2015 is set to be the year of copyright debate. My friends at the IPKat Blog describe here how things are hotting up, following the European Commission publishing its Report on responses to last year's Copyright Consultation, and, as IPKat reports, the EU Commissioner for Digital Economy and Society, once again made clear on Twitter that having “modern copyright rules” is one of the key goals for 2015.
You'll know how quickly the copyright debate becomes polarised. But I'm going to take the risk of being labelled 'luddite' when I take issue with the charge that copyright, at least in its current form, is a barrier to innovation and creativity or, put in another way, that reforming copyright law will, in and of itself, unleash a torrent of pent up innovation. That's certainly the charge laid at copyright's door by 'Copyright for Creativity' in their Copyright Manifesto and in the European Parliament's Committee on Legal Affairs Draft Report on the Copyright Directive.
Often, the real challenge is nothing to do with copyright but is about finding viable business models that deliver the consumer what he or she wants whilst ensuring a fair reward for the creator of that content. This is apparent in the current debate about streaming vs. downloads in the music industry, and their respective implications for artistes, and in the publishing industry about subscription vs. sale of e-books.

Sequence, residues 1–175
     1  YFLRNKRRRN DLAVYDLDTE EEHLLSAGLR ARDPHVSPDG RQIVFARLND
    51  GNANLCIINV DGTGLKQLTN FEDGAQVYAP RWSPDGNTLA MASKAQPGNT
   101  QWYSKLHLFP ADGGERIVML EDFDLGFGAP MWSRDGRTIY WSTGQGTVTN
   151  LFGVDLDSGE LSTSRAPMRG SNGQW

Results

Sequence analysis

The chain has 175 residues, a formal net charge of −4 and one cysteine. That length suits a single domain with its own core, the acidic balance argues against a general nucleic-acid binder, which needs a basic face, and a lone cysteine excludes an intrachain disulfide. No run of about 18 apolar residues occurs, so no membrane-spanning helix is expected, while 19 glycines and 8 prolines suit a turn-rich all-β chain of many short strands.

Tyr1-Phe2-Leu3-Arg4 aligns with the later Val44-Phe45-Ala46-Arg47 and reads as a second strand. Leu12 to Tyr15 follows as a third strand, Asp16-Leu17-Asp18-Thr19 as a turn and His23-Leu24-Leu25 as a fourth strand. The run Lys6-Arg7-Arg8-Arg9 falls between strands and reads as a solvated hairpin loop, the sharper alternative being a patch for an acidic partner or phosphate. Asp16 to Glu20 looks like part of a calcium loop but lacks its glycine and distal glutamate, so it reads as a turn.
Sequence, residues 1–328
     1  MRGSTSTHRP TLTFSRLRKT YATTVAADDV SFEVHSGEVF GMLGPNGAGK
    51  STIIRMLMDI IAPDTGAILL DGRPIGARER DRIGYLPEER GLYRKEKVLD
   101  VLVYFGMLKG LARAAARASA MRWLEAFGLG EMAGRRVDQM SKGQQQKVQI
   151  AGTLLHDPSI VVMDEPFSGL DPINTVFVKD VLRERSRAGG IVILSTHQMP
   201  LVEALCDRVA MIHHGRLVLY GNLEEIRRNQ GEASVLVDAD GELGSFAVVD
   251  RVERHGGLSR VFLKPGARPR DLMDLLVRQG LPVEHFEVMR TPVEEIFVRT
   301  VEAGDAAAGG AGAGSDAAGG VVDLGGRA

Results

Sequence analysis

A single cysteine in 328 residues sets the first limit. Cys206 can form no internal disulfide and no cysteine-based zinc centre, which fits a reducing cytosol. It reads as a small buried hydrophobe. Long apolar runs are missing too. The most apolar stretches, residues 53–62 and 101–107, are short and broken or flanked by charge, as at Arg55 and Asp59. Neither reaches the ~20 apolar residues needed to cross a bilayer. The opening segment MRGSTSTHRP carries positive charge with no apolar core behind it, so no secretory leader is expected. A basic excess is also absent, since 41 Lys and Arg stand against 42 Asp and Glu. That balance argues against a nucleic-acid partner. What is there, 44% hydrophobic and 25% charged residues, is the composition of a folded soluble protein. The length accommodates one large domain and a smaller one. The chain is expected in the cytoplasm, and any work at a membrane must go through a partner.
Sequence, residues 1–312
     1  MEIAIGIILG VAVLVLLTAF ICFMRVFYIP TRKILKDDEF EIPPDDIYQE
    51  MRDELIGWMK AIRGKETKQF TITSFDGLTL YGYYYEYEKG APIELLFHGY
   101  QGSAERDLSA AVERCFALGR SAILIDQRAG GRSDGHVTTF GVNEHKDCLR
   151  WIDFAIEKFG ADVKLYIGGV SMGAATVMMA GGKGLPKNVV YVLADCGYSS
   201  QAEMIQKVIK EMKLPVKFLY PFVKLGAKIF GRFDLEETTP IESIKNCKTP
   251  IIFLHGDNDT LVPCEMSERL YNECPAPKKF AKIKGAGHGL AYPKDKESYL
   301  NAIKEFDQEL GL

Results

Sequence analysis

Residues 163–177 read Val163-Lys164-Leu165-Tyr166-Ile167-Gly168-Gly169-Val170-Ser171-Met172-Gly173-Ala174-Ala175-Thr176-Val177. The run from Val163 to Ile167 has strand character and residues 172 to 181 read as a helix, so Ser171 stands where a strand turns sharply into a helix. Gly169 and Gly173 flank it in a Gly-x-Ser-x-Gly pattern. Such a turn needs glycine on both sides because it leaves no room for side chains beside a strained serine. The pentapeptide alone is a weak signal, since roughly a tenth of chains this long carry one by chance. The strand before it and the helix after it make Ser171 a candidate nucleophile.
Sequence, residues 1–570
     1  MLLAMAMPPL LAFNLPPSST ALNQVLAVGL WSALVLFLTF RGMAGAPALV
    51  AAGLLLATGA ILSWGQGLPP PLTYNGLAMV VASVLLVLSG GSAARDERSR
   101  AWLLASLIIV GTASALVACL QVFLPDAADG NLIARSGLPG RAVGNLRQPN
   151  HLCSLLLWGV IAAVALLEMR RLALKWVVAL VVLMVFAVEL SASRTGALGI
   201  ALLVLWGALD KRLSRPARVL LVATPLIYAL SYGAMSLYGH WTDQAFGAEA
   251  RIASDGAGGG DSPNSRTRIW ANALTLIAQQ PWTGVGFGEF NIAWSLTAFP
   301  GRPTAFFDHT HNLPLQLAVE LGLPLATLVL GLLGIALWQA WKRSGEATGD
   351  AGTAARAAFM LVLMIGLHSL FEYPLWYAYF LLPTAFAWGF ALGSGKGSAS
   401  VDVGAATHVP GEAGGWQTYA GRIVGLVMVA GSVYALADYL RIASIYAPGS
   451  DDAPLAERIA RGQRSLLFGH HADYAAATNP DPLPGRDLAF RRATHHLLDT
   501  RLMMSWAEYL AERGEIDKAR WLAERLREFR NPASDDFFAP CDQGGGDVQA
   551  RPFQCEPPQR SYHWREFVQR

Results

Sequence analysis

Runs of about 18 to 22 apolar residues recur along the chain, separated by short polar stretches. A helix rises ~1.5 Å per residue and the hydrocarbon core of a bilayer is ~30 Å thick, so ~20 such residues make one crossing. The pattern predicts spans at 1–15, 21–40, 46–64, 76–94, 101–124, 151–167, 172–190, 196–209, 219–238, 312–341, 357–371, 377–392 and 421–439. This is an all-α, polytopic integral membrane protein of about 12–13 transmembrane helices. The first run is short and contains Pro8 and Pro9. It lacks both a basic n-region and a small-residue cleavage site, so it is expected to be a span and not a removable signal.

That isn't to say that the current copyright framework is perfect or should not be adapted in certain specific cases where evidence demonstrates the need for change. But I do challenge the assumption that copyright lawe in its current form is a barrier to innovation. A willingness to take risks, technological expertise, innovative business models and toleration of failure - these are the foundations on which Silicon Valley and Israel's 'Start-Up' nation have been built and which exist here in the UK too.
There are plenty of instances of innovation within our current framework. Look, for instance, at how publishers are making content available under open licences via API's. Look at the proliferation of new platforms for self-publishing.
So let's have that debate about copyright. But let's make sure that it is a rounded, evidence-based and multi-dimensional.The European Publishers Council's 2014 Vision Paper entitled 'From Vision to Reality: Copyright Enabled on the Network', to which I contributed, presented a framework based on '3 digital elements' - (1) technology, linking the different parts of the digital content networks together in a seamless, machine readable way; (2) an enabling copyright framework and (3) practical and viable, user-relevant solutions, including innovative licensing.
The key point made in the EPC's paper is that realising the full potential for the digital content does not depend on any one element by itself. Rather, it is their combination. With initiatives like the Copyright Hub, the future lies in completing the technical infrastructure so that finding, clearing and consuming copyright content is just one click away, and of course in a way which that accomodates uses allowed under exceptions.
Have a good week,